Porsche hosts test-drives here for South-east Asian journalists

The writer's route takes him to Neo Teow Lane in Kranji.
The writer's route takes him to Neo Teow Lane in Kranji.ST PHOTO: TOH YONG CHUAN

Journalists from South-east Asia are invited to try cars on set routes that take them through interesting spots

Think of international test-drives and images of exotic locations come to mind.

Carmakers spare no expense arranging for journalists to put their cars through the paces in exotic places such as the Italian Mediterranean holiday island of Sardinia or in Germany where sections of its famed autobahns do not have posted speed limits, allowing drivers to go full throttle.

In an unusual move, German luxury and sports car maker Porsche has started holding such drive events in Singapore.

Since October last year, it has played host to 90 journalists and writers from countries including Malaysia, Thailand and Vietnam on three-day-two-night all-expense- paid trips to Singapore to review its stable of sports cars such as the 911 Targa, Panamera S E-Hybrid and Boxster GTS .

Porsche Asia Pacific is believed to be the only company that conducts regional test drives on a large scale here.

The only other carmaker that has done something similar is Volkswagen, but it was on an ad hoc basis for far smaller numbers of journalists: 12 from Malaysia in 2009 and eight from Brunei last year.

Mr Colin Yong, the former public relations manager of Volkswagen Group Singapore who arranged the test drives, says: "Unfortunately, the local traffic conditions and the cost of cars here precludes holding bigger events like those overseas. If anything, Volkswagen would hold those in Malaysia."

But the lack of driving roads did not deter Porsche Asia Pacific.

Its public relations manager, Ms Calista Tambajong, says it took about four months to put the programme together from July last year.

The toughest part was planning suitable driving routes because Singapore is small and built up, she adds.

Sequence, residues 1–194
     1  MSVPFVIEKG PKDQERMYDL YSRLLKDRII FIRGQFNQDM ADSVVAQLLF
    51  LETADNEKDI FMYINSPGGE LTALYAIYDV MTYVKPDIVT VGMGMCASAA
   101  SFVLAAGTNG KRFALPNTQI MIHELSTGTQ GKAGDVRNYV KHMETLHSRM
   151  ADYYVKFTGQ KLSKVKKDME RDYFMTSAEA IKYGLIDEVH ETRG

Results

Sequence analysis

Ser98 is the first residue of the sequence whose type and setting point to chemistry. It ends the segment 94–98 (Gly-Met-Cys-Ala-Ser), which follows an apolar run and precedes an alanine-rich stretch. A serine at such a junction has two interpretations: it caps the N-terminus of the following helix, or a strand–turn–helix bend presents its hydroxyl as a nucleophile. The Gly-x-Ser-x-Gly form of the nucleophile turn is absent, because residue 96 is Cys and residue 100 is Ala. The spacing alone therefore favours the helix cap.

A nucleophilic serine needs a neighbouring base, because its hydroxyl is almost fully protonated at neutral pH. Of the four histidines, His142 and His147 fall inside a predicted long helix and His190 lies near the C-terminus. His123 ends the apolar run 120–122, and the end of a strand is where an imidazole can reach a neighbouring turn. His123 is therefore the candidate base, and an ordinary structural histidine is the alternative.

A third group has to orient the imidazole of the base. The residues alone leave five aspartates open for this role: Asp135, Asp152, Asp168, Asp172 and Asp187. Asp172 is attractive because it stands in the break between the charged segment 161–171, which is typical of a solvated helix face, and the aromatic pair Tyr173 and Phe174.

International test-drives usually require journalists to clock more than 100km each over various types of road and terrain. The Pan-Island Expressway (PIE), Singapore's longest, is just 43km long. And it is straight and monotonous.

Porsche roped in local motorsports event organiser Karl Daruwalla to draw up the driving routes.

"The team looked at the Singapore map and interesting points, depending on the driving theme - eco-friendly or nightlife - and then we tested the routes," says Ms Tambajong. After trying out various routes, three of distances between 112km and 200km were nailed down.

They were then loaded into the cars' satellite navigation system, and journalists just had to follow the programmed routes to complete the test-drives of between six and nine hours, including a meal break.

I sampled a 190km route two weeks ago in a Boxster GTS.

Starting the journey at the Fullerton Bay Hotel, the drive took me to Kent Ridge Park and Mount Faber where the Boxster GTS pulled effortlessly up the steep, single lane slopes.

The route then diverted to the Sungei Buloh Wetland Reserve via the PIE and Bukit Timah Expressway, which were mostly boring stretches of expressways.

From the wetland reserve, Porsche cleverly plotted a 36km loop along Sungei Kadut, Bukit Panjang, Choa Chu Kang and Lim Chu Kang, along mostly quiet roads lined with factories and forests.

It was my favourite section of the drive, revealing parts of Lim Chu Kang that were new to me.

The rest of the route included Thomson, Mandai, Orchard Road and the Marina Bay areas.

About 190km and eight hours later, including a meal break at the Singapore Marriott Hotel, I have driven enough to see a representative cross-section of Singapore and its roads.

The expressways were expectedly boring, but there were enough out-of-the-way and offbeat detours to keep the drive interesting.

The other two routes that I did not get to sample included pit-stops at locations such as the Kranji War Memorial, Singapore Zoo, Gardens by the Bay and Sentosa.

Porsche was coy about revealing the cost of organising such an event. Ms Tambajong would only say that it includes the depreciation of the car, accommodation and meals.

She adds quickly that the public need not worry about Porsche cars driven by foreign journalists zipping around.

"We put safety first," she says, adding that the journalists were reminded of safety rules, traffic signs and even penalties during briefings.

Porsche's test-drive season in Singapore is expected to last until September. About 30 journalists are expected to make the trip to sample the 911 GTS over the next two months.

A version of this article appeared in the print edition of The Straits Times on July 11, 2015, with the headline 'Porsche hosts test-drives here'. Print Edition | Subscribe